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Resistance, Right and Left


#1

At Eurozine, German political scientist Claus Leggewie examines how the call to resist!, which in the context of Europe has been historically associated with resistance to fascism, is now being appropriated by the far right in countries like Germany and Hungary, who call on their supporters to resist immigration and ethnic diversity. Leggewie argues that the resistance we must practice instead is an organized, nonviolent resistance to authoritarianism and thinly veiled fascism. Here’s an excerpt:

But ought one even to consider resistance as long as the Orbáns, Trumps and Erdogans are winning absolute majorities and can thus claim democratic legitimacy? The answer is yes, if they continue to treat elections as plebiscites, as opportunities to take an axe to the pillars of democracy, to denounce minorities and to undermine fundamental rights. Passive resistance is then not just a right, but a duty. And whoever does not object to the victors in effect consents to them.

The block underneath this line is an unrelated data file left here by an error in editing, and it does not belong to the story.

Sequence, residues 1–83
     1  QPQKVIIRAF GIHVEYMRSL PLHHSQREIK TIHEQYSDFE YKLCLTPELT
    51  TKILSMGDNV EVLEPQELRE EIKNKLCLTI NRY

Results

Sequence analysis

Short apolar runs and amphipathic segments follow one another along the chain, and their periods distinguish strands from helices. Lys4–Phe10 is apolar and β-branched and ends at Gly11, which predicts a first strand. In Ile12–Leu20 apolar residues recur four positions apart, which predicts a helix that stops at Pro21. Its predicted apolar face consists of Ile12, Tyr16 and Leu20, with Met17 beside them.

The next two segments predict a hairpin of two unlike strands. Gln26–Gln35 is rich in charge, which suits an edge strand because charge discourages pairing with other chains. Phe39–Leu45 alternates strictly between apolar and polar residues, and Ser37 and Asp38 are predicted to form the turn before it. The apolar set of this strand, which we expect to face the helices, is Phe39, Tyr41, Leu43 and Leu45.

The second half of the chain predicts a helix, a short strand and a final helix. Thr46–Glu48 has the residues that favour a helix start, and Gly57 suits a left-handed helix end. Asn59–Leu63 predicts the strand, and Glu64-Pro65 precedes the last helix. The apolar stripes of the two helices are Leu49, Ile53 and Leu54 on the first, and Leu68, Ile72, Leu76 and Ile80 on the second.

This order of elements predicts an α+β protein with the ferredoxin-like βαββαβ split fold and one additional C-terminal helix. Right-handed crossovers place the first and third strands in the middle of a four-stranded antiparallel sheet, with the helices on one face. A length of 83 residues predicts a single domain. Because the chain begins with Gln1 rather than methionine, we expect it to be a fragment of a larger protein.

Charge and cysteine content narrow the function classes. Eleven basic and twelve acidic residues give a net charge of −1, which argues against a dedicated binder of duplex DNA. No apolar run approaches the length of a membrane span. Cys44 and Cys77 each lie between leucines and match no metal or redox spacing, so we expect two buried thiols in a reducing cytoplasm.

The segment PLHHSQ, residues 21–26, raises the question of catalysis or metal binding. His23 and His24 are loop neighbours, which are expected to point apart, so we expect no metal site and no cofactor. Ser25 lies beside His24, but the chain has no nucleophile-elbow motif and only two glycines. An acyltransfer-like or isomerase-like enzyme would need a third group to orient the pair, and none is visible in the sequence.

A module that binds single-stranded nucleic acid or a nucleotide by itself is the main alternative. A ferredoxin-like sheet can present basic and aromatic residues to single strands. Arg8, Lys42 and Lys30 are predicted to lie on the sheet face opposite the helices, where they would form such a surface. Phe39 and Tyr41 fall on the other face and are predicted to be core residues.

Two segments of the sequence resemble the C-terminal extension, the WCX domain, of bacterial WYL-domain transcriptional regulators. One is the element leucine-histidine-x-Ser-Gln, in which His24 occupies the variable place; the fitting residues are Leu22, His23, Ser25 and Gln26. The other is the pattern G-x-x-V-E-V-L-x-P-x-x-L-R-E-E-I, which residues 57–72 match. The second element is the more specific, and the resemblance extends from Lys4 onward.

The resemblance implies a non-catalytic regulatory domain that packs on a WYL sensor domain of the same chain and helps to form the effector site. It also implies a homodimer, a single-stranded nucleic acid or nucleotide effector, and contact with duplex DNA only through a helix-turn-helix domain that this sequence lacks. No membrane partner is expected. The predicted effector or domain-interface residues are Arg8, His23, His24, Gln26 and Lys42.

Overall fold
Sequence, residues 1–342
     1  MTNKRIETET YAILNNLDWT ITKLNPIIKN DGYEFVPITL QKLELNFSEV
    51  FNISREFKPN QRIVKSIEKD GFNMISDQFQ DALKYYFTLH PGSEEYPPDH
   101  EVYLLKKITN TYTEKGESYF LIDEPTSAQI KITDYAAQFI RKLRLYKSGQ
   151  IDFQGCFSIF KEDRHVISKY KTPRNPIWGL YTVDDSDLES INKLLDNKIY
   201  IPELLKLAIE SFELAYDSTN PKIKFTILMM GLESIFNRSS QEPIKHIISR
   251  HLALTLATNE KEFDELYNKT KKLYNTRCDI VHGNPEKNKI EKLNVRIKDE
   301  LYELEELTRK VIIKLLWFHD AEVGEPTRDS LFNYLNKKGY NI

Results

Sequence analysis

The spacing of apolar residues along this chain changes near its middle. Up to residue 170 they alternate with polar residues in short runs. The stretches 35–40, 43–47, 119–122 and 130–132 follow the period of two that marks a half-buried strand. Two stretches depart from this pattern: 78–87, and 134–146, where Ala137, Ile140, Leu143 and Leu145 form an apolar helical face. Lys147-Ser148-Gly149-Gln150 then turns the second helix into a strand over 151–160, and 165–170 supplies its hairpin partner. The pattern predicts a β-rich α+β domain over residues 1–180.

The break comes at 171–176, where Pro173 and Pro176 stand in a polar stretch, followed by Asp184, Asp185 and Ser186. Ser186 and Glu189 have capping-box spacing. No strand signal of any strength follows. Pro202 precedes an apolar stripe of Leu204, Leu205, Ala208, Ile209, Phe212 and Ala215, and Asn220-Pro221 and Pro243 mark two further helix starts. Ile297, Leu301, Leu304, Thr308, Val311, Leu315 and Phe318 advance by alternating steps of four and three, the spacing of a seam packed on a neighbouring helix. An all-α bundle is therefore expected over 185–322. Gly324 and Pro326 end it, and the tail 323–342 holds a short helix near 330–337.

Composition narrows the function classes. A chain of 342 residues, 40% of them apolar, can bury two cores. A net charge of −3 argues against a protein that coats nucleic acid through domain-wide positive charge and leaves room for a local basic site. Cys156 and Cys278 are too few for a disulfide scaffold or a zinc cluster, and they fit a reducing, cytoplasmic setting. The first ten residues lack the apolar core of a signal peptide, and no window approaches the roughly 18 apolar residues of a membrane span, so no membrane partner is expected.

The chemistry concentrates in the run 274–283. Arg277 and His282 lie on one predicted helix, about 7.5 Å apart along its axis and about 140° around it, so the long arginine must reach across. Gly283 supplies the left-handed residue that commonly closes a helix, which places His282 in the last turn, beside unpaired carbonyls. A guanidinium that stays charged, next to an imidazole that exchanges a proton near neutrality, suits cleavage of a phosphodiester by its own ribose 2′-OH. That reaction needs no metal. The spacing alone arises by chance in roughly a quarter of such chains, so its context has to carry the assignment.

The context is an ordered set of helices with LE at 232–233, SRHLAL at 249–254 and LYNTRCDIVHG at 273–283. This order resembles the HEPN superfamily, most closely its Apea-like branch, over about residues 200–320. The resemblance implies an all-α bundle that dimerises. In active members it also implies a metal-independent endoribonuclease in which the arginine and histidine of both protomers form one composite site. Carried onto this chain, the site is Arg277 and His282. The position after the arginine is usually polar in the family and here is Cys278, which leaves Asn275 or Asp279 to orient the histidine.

The Washington Post, a major newspaper very much on the side of the resistance, recently asked if the Parkland schoolchildren had taught the rest of society to think and act more maturely. The goal of resistance from civil society should also be to escape the fixation on ‘refugees’ and ‘Islam’ and to spread ideas about another, better world. The right feeds on the social inequality caused worldwide by unbridled financial capitalism and on the mass migration caused, among other things, by the immense destruction of nature in the global South. The goal of resistance is to go on the offensive with better ideas and practicable plans, and to offer a democratic and European alternative to citizens flirting with the right.

Image via Eurozine.